A week ago, I started a bounty on a question. It got a couple of answers, and I consider one of those answers to be a candidate for receiving the bounty award. However, despite being mostly correct, in my opinion, the answer is wrong about some details. I provided a comment with my thoughts (suggestions for improvement), but the author of the answer never came back to adjust his answer.

(Originally, this question was about this specific question and Soumya Mahunt's answer to it. However, the situation has changed; Soumya has edited his answer. That does not invalidate the more general etiquette question about how similar cases should be handled.)

I don't think it's correct to reward an answer which contains some misconceptions, but, if those mistakes were fixed, I think this answer would deserve the bounty.

Am I supposed to turn a blind eye to what I perceive as flaws and award the bounty to the answer anyway? Or, should I edit the answer myself, even without any indication of agreement from the answer's original author? I would appreciate any advice on the situation.

  • 13
    If you want the award the bounty is completely up to you, and if you don't think that the answer is good/correct enough to award it, then it is your prerogative to not award it. I personally don't think we should be telling you what you should do with it, as it's a little like telling you what to do with your votes. Note that if you do nothing, and the scores remain the same, the bounty won't be awarded at all. If they change (and you don't accept any of the answers) half will be awarded to the answer with a score >= 2 (oldest wins tiebreaks).
    – Thom A
    Commented Sep 1, 2022 at 10:21
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    @Larnu thanks for the input. I understand that it's up to me to decide, but what about editing it myself to meet my own requirements? Is it considered acceptable? Commented Sep 1, 2022 at 10:25
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    If you feel you are improving the answer, and not conflicting with the OP's intents, there is nothing wrong with that.
    – Thom A
    Commented Sep 1, 2022 at 10:25
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    You did what you could at this point - left a comment for the author to address. Since they haven't returned yet, you, as a member of the community are free to edit their post as long as the edit preserves the original intent (generally speaking). Don't forget that all posts here are public contributions licensed by CC-BY-SA, which allows free modification by everyone. If the author comes back and rolls back your edit, you can take from there. Commented Sep 1, 2022 at 10:42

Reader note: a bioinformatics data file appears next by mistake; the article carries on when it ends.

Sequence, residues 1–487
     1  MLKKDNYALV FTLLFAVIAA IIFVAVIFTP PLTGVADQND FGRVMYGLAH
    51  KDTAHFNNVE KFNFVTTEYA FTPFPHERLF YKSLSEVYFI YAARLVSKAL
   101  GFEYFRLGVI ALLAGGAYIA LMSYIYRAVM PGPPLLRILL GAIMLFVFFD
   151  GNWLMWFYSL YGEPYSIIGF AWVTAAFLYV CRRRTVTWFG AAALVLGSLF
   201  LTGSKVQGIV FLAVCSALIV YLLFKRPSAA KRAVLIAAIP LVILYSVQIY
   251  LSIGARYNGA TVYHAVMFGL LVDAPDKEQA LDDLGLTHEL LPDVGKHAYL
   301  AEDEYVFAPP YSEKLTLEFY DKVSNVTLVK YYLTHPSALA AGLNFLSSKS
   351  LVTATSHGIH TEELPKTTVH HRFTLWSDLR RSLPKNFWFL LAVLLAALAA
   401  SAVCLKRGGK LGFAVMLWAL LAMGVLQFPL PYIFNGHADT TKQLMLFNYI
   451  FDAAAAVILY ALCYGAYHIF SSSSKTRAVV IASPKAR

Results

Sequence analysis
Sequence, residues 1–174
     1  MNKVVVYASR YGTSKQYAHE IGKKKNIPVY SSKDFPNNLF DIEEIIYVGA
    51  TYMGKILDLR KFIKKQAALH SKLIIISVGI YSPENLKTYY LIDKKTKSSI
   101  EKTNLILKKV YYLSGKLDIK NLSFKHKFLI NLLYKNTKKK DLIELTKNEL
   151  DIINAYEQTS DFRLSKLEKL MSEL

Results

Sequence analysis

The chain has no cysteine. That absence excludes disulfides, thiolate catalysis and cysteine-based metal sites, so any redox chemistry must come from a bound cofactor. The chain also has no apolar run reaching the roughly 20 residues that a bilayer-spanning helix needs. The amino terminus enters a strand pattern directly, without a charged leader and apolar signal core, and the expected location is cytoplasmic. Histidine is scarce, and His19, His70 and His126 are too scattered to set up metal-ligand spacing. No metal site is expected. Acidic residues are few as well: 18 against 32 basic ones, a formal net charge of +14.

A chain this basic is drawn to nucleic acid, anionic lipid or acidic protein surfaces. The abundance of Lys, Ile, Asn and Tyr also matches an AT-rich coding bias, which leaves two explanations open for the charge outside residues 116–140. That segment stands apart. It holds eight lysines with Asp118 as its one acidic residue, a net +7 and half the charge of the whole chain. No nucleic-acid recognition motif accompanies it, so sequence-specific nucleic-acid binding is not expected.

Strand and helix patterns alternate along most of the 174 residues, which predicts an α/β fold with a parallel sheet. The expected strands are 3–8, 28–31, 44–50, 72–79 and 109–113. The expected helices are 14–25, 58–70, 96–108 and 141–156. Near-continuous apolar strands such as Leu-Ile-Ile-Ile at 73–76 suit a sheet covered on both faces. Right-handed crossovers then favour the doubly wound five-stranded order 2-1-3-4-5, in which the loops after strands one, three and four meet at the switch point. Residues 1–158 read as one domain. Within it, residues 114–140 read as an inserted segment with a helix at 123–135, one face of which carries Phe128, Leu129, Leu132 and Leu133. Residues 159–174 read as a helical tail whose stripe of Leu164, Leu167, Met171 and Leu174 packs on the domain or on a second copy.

• Regardless of the bounty: all you can do to contact someone is to leave them a comment, since you don't have any other contact details on them. If they mention contact details on their profile (this person has added their twitter and GitHub profiles), you could try that.
    – Adriaan
    Commented Sep 1, 2022 at 11:54
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    @Adriaan I would really avoid contacting people outside SO for a SO post, I have a feeling not many would like that. I would save it for exceptional occasions. Commented Sep 1, 2022 at 12:48
  • I would actually disagree that people wouldn't like it if their details are on their profile page, @MarcoBonelli ; they have put them there so they can be contacted. On the other hand, I don't blame people who completely ignore messages from people on things like LinkedIn, when they don't share those details.
    – Thom A
    Commented Sep 1, 2022 at 12:51
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    @Larnu I don't think that linking any social media on my profile should be interpreted as "contact me in private here for your SO question". In the same way it does not mean "contact me in private here" on any other platform where you link other platforms. It's just a link for whoever wants to know more about you. You think people like Jon Skeet are linking their twitter to be messaged privately? PS: not saying that I dislike people contacting me, but I just don't think that's most people's intend purpose for those links, and I don't think you can assume that without any hint. Commented Sep 1, 2022 at 12:58
  • I do not doubt that people message Jon Skeet on Twitter about their questions, @MarcoBonelli , if he links to it on his profile.
    – Thom A
    Commented Sep 1, 2022 at 13:02
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    it's a little like telling you what to do with your votes This is customary behaviour in some counties. We should not interfere with people's right to deny other people rights. That would be oppression. Commented Sep 1, 2022 at 18:16
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    I'm not sure I understand the close reason used here. We don't typically close [specific-*] questions just because the status of the post has changed. e.g. a meta question asking why a post on main is deleted is not closed as "not reproducible" just because the post was undeleted on main. Voting to reopen this.
    – cigien
    Commented Sep 1, 2022 at 21:34
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    Not only that, @cigien, but this is a generally interesting/relevant question, even if it's not linked to a specific answer. Maybe I shouldn't even have added that tag. Commented Sep 2, 2022 at 3:43
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    There's a suggestion here: meta.stackexchange.com/q/147386/282094 - they didn't answer your inquiry, so don't award the bounty; after it expires edit their answer and accept it, if they rollback then unaccept. Since it's not your question then accepting isn't an option, so just leave it unawarded.
    – Rob
    Commented Sep 2, 2022 at 10:48